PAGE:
To create multi-host networks a key-value-store is needed. Libkv currently supports Consul, etcd and ZooKeeper. In this example we are going to use etcd. It’s important that the ports 4789, 7469 and also the ports used by the key-value-store are open. In case of etcd the ports are configurable and we will stick to the defaults with 2379, 2380 and 4001. Because etcd itself can also be used as cluster some basic information is needed at startup. Therefore we will use the cluster discovery service by CoreOS. Accessing https://discovery.etcd.io/new?size=1 we will create a discovery id for a etcd cluster with one master node.

We chose to run etcd from within a container and therefore get the advantages of Docker Swarm. The image is quickly created or you can also use an existing one from docker hub. The important part is that etcd has access to the created certificates and is started with the following parameters:

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/etcd-v2.2.5-linux-amd64/etcd \
-name [NAME] \
--advertise-client-urls https://[IPADDRESS]:2379,https://[HOST_IPADDRESS]:4001 \
--listen-client-urls https://0.0.0.0:2379,https://0.0.0.0:4001 \
--initial-advertise-peer-urls https://[HOST_IPADDRESS]:2380 \
--listen-peer-urls https://0.0.0.0:2380 \
--initial-cluster-token [CLUSTER_TOKEN] \
--discovery https://discovery.etcd.io/[DISCOVERY_ID] \
--client-cert-auth \
--cert-file=[PATH_TO_CERT] \
--key-file=[PATH_TO_CERT_KEY] \
--trusted-ca-file=[PATH_TO_CA_CERT] \
--peer-client-cert-auth \
--peer-cert-file=[PATH_TO_CERT] \
--peer-key-file=[PATH_TO_CERT_KEY] \
--peer-trusted-ca-file=[PATH_TO_CA_CERT]

IPADDRESS: eg. 172.168.1.1 → the IP address inside docker
HOST_IPADDRESS: e.g. 192.168.0.1 → the IP address of the host system

Here we will configure how …

  • the clients (e.g. swarm node, swarm master) will communicate with the etcd node (port 2379 and 4001)
  • the etcd nodes will communicate with each other (port 2380)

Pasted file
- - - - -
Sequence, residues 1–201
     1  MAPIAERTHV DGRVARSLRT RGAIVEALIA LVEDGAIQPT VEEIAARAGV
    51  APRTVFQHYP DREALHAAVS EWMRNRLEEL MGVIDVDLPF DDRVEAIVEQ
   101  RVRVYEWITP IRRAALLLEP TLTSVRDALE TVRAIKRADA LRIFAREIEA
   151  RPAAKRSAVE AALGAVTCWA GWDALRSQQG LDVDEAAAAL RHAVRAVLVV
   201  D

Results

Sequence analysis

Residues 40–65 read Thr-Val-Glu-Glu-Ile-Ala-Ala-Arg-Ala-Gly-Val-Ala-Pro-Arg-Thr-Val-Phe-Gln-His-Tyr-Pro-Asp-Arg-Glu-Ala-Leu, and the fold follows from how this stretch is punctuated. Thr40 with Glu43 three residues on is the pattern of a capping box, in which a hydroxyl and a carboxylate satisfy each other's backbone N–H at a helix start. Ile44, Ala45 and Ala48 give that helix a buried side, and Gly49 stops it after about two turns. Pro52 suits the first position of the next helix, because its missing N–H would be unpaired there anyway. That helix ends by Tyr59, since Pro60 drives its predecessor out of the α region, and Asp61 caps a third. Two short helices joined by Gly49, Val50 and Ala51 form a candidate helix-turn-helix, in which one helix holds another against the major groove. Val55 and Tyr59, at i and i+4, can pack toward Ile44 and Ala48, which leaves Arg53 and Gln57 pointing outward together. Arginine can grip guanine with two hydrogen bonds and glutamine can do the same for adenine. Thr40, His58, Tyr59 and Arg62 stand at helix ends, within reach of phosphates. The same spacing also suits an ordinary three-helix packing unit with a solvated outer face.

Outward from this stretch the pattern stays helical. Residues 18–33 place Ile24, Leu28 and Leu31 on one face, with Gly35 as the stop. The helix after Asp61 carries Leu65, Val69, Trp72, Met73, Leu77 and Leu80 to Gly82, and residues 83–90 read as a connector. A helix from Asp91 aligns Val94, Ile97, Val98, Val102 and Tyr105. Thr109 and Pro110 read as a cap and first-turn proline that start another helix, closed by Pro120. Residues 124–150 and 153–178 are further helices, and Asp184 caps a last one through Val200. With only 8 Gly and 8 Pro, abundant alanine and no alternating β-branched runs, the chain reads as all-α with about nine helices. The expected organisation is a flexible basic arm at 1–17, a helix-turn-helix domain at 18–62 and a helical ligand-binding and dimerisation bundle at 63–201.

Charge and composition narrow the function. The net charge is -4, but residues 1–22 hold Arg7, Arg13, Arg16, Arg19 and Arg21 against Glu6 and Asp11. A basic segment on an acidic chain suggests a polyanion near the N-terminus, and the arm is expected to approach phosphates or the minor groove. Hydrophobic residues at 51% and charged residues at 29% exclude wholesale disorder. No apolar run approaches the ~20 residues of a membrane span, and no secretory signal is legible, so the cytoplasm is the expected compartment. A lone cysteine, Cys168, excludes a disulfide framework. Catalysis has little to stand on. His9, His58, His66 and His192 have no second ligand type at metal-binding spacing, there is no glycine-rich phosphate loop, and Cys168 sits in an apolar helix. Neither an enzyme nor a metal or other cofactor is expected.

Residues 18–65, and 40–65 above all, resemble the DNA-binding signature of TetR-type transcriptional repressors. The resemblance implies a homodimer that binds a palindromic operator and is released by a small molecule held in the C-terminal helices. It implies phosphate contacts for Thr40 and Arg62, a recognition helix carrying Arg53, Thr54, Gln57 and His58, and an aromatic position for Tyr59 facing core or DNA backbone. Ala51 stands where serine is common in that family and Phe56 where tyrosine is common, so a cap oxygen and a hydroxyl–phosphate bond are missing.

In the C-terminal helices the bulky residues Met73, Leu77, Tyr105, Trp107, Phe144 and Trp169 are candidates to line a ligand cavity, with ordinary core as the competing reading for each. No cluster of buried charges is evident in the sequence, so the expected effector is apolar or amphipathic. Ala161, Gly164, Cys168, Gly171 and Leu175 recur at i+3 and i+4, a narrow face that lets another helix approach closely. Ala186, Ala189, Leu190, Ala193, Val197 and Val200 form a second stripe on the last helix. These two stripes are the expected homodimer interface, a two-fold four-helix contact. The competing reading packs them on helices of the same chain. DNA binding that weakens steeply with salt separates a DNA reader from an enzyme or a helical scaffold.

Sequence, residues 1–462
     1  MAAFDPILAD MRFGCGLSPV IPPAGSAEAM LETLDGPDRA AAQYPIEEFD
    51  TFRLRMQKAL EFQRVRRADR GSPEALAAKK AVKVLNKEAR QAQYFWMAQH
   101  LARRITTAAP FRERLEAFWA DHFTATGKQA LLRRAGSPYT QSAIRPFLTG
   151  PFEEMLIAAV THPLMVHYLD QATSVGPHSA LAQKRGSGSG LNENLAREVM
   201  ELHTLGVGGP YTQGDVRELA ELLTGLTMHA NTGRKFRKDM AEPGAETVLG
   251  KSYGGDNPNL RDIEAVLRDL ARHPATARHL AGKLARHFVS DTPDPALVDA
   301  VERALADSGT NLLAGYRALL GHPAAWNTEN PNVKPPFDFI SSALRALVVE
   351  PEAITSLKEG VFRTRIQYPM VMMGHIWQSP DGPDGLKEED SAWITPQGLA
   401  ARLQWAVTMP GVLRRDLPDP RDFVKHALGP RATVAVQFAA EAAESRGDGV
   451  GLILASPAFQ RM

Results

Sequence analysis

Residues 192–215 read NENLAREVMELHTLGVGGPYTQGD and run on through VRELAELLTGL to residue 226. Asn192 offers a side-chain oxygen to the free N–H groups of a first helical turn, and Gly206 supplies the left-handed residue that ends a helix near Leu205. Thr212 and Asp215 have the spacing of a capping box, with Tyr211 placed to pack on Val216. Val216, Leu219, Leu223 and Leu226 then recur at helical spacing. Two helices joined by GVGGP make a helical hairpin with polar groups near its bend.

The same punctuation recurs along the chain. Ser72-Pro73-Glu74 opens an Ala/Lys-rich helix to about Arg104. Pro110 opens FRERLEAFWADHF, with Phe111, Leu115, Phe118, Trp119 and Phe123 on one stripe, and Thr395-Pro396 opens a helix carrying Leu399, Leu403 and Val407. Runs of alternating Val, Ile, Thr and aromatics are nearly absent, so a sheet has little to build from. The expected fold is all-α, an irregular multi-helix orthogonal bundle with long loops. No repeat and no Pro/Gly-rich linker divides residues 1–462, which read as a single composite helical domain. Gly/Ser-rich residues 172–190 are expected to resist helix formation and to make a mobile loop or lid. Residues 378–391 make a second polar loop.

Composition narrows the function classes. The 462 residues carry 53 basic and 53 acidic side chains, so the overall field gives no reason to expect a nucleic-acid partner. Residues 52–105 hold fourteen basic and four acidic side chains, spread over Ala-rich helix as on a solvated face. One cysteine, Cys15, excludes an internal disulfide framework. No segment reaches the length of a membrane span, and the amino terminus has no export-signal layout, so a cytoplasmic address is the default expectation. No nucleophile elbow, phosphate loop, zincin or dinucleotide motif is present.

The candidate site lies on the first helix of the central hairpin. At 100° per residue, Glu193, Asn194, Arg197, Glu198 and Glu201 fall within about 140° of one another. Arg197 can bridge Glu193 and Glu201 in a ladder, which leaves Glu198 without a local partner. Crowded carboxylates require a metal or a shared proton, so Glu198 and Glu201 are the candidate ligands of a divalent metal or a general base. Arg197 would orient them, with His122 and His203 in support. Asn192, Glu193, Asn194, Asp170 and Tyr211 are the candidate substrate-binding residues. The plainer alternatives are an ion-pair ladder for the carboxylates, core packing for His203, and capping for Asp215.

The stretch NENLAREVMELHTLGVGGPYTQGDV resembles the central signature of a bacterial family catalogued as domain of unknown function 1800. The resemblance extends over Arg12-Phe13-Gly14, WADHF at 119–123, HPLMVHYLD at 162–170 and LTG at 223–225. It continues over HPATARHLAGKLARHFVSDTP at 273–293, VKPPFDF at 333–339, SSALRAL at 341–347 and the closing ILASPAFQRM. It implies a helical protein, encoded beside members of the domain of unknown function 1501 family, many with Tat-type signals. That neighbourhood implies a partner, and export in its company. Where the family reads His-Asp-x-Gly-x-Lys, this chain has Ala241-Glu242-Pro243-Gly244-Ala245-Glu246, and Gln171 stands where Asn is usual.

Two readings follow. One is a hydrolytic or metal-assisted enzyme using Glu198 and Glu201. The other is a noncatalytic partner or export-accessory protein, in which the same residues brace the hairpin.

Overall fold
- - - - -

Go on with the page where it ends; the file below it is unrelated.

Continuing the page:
• the etcd master nodes will find each other (use the generated id here)

In addition we also define that the communication should be done via TLS and where the certificates can be found. More details to each parameter can be found here:

After a successful start up and registration you will find your etcd node at https://discovery.etcd.io/DISOVERY_ID. At this point we have a running etcd node and can communicate with it when using the right certificates.

Docker-Daemon

Nearly done … In this step we will tell the docker daemon where he can find the etcd node and that he should communicate with it (and also with the swarm master) by using TLS. Therefore we will adjust our docker file (at /etc/systemd/system/ or /etc/systemd/system/docker.service.d/ on Ubuntu 15.10 and higher), include a new file for some additional configuration and change the port to 2376. Afterwards we should reload systemctl and restart the docker service. This has to be done on all docker daemon hosts that should be available as swarm nodes. On the host with etcd we have to start the etcd container again - it has been stopped when we restarted the docker daemon. The order of starting swarm nodes and swarm master does not really matter but etcd should be reachable before you start with setting up your swarm.

The docker.conf file:

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[Service]
ExecStart=
ExecStart=/usr/bin/docker daemon -H tcp://0.0.0.0:2376 -H unix:///var/run/docker.sock --dns 8.8.8.8 --dns 8.8.4.4 --config-file=/[PATH]/docker.conf.json

The referenced configuration file:

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{
"tlsverify":true,
"tlscacert":"/[PATH]/ca.cert",
"tlscert":"/[PATH]/[HOST_IP].cert",
"tlskey":"/[PATH]/cert.key",
"cluster-advertise": "[HOST_IP]:0",
"cluster-store": "etcd://[ETCD_IP]:4001",
"cluster-store-opts": {
"kv.cacertfile":"/[PATH]/ca.cert",
"kv.certfile":"/[PATH]/[HOST_IP].cert",
"kv.keyfile":"/[PATH]/cert.key"
}
}

At this point we have restarted the docker daemon with the new configuration and also the etcd node. The docker daemon should be able to connect to the etcd and you should see an message like the following in the status report of the docker daemon on all hosts:

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level=info msg="2016/04/05 09:48:12 [INFO] serf: EventMemberJoin: mzangerle 192.168.10.27\n"

The bootstrapping process on etcd master host